Research Group for the Study of Chronic Kidney Disease in Central America

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  • Genetic Case-Control Family Study | PI: Daniel Brooks and David Friedman

    Through this case-control study, we seek to find genetic modifiers of CKD risk. We will recruit 360 agricultural workers with CKD but without traditional risk factors (e.g. diabetes, HIV, hepatitis, etc.) from Chinendega province, Nicaragua and 360 healthy controls matched for age and job description. We will perform a candidate gene association study using coding variants within loci identified in our family based genetic study of Mesoamerican Nephropathy.

  • Adolescent Cross-Sectional Study | PI: Daniel Brooks

    This study is designed to determine whether children and adolescents aged 7-17 attending schools located in different geographical areas of Nicaragua (chosen based on different population CKD mortality rates, climate, altitude, and primary industry of the region, as well as parents’ occupation) show signs of kidney injury before they start working, and whether the extent of injury varies by school.

  • Longitudinal Investigation of Chronic Kidney Disease among Workers in El Salvador (Outstanding New Environmental Scientist (ONES) Award) | PI: Madeleine Scammell

    This longitudinal investigation of Mesoamerican Nephropathy in El Salvador will allow us to address multiple pressing research questions in an attempt to further elucidate the cause(s) of the epidemic while simultaneously developing a repository of data and biological samples in order to quickly and efficiently address new hypotheses as they emerge.

  • Family-Based Study | PI: David Friedman

    In order to analyze potential genetic causes of CKD, investigators are recruiting approximately 20 families with at least two siblings who have CKD. Interviews of family members will allow us to construct family trees that include the relationships between family members (e.g., child, parent, spouse, brother), CKD diagnosis, and whether the member of the family is presently alive.

  • Investigation of Risk Factors and Prevalence of MeN among Brick Makers | Collaboration between UNAN-León and BUSPH Team

    To analyze risk factors of Mesoamerican Nephropathy (MeN) and to determine the prevalence of chronic kidney disease (CKD) among brick-makers in Western Nicaragua, investigators recruited 257 workers and completed interviews and biological sampling. Working with students and faculty at UNAN-León, this collaborative investigation built on their previous work studying CKD among laborers in the Nicaraguan artisanal brick industry.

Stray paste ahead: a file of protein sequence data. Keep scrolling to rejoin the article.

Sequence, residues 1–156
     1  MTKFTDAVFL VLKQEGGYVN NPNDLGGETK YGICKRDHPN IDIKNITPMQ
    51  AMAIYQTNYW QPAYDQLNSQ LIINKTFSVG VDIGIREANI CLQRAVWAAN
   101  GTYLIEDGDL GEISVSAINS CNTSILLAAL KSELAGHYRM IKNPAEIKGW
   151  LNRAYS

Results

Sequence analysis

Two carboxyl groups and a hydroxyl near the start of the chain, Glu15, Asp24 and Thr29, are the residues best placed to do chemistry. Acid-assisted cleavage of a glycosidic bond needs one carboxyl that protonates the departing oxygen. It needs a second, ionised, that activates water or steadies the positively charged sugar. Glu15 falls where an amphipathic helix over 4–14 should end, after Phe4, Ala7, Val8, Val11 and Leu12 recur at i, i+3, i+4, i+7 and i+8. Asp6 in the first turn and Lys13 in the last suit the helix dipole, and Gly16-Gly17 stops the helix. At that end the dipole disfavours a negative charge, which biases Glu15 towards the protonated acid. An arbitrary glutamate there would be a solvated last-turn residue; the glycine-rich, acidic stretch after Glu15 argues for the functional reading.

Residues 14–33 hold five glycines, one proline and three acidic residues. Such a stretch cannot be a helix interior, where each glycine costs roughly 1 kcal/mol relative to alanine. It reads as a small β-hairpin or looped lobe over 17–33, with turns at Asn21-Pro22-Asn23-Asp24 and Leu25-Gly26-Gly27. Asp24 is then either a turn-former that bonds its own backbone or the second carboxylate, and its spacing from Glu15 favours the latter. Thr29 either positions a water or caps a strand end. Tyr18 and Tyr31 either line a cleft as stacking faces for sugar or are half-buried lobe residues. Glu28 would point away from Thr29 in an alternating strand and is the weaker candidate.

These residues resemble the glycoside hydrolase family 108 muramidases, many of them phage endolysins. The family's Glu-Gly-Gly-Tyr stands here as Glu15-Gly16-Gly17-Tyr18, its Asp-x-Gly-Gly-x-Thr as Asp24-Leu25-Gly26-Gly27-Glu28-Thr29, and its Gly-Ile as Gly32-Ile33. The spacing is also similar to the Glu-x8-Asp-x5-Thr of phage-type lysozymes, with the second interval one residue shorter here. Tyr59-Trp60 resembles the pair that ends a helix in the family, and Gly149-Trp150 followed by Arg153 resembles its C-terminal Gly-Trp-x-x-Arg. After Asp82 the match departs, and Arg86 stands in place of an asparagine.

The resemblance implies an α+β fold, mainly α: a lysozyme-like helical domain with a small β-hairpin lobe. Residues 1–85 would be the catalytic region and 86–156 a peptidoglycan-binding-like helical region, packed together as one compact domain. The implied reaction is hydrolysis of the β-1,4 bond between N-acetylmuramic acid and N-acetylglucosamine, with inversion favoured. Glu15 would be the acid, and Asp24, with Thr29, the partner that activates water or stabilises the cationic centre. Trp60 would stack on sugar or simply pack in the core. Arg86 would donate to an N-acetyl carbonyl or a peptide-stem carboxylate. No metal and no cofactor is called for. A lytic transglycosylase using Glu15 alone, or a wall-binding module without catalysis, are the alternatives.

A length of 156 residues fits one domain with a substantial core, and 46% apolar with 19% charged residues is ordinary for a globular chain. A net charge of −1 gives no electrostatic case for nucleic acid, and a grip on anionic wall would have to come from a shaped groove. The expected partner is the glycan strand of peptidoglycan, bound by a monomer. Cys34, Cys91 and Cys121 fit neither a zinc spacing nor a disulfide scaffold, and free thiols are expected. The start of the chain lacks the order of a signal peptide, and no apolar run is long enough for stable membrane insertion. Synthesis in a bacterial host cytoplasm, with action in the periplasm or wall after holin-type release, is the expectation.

Chronic Kidney Disease in Central America Research Group

There is an epidemic of chronic kidney disease (CKD) in Central America with increasing mortality rates over the past 20 years. Due to its unique characteristics, the disease has been referred to by some researchers as Mesoamerican Nephropathy (MeN) and CKD of nontraditional (CKDnt) or unknown etiology (CKDu). The CKD epidemic is considered a major public health threat by the Pan American Health Organization (PAHO)1 and declared a priority by the Commission of National Ministries of Health of Central America (COMISCA)2.

In the US and Europe, CKD is common only in older populations (age>60), affects men and women equally, and is primarily due to diabetes and hypertension. In contrast, CKD in certain regions of Central America disproportionately affects younger men and appears to be unrelated to diabetes or hypertension. CKD epidemics with strikingly similar characteristics are also found in other tropical regions including Sri Lanka and India. In all of these areas, agricultural workers appear to be among the groups most affected, but the specific cause(s) remain unknown.

Our team has been investigating the CKD epidemic since 2009.

1 152nd Executive Committee Session, 2013
2 XXXVII Meeting of COMISCA , May 2013

The 2nd International Workshop on the Epidemic of Mesoamerican Nephropathy (MeN) took place in San José, Costa Rica in November 2015 and the experts that attended collectively wrote the technical report. Read the report here: MeN 2015 Scientific Report.